The saga of Bryan Colangelo's Twitter fingers came at the perfect time


Bryan Colangelo has come along at just the right time for an NBA Finals that needs that little extra “Huh?”
There is a sameness about these Finals that is unavoidable. When the same two teams meet this often, there is bound to be some overlap, even though the Cleveland cavaliers went to the trouble of remaking most of their team on the fly three months ago.
But more than that, there is little about this series which is actual doubt. The Warriors are mega-prohibitive favorites (minus-800 in most books after opening minus-1000 and rising to as high as minus-1200 in some places, and favored in Game 1 by a record 12 points). The nagging bone bruise on Andre Iguodala does not seem to be nearly as crippling to the Warriors’ hopes as it would have three years ago or even last year because LeBron James has so little help, especially since Kevin Love’s concussion doesn’t seem to be improving and further damages an already thin team.
In addition, everyone who has made a living contriving arguments about LeBron James’ place in the universe has finally surrendered to the two inevitable truths about him – he is that good, and comparing him to Michael Jordan incessantly has finally reached its sell-by date. The debate is over, and we have all concluded that it doesn’t matter. Even television producers have concluded that, and they are among the dimmest of the dim when it comes to repetition.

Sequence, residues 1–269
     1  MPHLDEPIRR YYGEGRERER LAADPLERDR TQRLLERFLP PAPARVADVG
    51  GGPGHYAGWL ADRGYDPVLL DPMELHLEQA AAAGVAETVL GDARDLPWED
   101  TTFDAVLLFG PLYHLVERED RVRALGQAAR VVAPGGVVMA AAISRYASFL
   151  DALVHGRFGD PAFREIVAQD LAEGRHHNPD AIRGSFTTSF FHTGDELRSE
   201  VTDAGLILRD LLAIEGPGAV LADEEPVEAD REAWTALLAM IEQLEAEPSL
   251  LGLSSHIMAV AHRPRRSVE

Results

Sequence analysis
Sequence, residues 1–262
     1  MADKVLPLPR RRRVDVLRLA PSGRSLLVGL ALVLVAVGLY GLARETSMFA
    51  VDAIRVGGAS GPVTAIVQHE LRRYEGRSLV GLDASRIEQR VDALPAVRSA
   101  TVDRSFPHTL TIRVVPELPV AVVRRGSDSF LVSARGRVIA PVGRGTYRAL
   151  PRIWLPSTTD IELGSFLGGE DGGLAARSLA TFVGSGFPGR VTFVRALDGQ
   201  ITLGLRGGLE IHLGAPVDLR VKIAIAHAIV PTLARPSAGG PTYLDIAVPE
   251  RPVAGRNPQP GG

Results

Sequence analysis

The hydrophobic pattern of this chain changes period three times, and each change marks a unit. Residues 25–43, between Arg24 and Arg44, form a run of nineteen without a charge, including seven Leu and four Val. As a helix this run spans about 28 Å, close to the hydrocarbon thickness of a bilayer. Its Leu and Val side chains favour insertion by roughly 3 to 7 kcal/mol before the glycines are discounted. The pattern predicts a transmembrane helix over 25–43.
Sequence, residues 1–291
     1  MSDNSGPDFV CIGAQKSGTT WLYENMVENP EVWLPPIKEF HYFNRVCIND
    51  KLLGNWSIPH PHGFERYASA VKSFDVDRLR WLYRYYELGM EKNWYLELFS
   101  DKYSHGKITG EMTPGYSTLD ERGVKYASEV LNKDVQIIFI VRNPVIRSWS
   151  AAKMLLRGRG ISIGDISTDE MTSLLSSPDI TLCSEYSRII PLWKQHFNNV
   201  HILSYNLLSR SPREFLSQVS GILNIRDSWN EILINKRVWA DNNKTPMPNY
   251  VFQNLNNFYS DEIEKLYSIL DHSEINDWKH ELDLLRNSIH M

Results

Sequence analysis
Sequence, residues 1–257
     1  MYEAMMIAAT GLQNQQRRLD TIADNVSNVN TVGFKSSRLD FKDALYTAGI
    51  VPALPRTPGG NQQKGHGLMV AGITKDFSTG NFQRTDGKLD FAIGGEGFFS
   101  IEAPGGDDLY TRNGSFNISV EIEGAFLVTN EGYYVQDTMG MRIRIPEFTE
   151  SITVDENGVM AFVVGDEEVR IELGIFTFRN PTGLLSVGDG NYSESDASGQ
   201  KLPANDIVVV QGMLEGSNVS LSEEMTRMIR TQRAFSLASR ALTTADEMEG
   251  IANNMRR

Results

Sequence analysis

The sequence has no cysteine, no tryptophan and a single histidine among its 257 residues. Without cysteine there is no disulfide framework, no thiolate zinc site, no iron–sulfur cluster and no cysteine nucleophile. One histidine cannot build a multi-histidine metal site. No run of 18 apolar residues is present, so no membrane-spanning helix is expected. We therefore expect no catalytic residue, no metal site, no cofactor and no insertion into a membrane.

All this may be why people who predict series length and usually go with the favorite in six games – the safe pick – are going to five in this one, and thinking even that might be too generous to the Cavs. It’s like they’ve seen all they need to see, and they have skipped ahead to the end of the book.
Thus, Colangelo’s insane Twitter fixation and willingness/eagerness to savage his own players on the Philadelphia 76ers has come at the perfect time – thus diverting the chat from whether this series will be more ho than hum to whether Colangelo survives lunch.
It even allows everyone to localize the story to meet their own teams’ needs. Not only can we get a day’s work out of “Does Bob Myers have burner accounts?” and “How many online personalities does Vlade Divac have?” we don’t even have to be sport-specific. Is John Lynch a hyperactive chatterbox? Who has Billy Beane crushed today? Is Doug Wilson a Russian agent? Who did Brian Sabean consult to have Twitter explained to him?
Why, you can get three days of nonsense work done to get you all the way to the weekend, and who doesn’t like that?
Of course, the Colangelo story also obliterates the Stanley Cup Final, which is already at as a disadvantage despite being infinitely more entertaining and history-making. The Vegas Golden Knights are, and this is not disputable, the best story in sports, or at least they were before Colangelo came along and gave us social media in hell.
But even then, he may have done us a service, because social media is one of the things that separates us from the animals and plants, to the great relief of the animals and plants. If this helps adjust people’s attitudes toward sharing their attitudes beyond the levels of propriety, then that’s social media too. It is always changing, and almost always worse than it was the day before.
And there you have it – the NBA Finals while barely mentioning the NBA Finals, as God has clearly intended.

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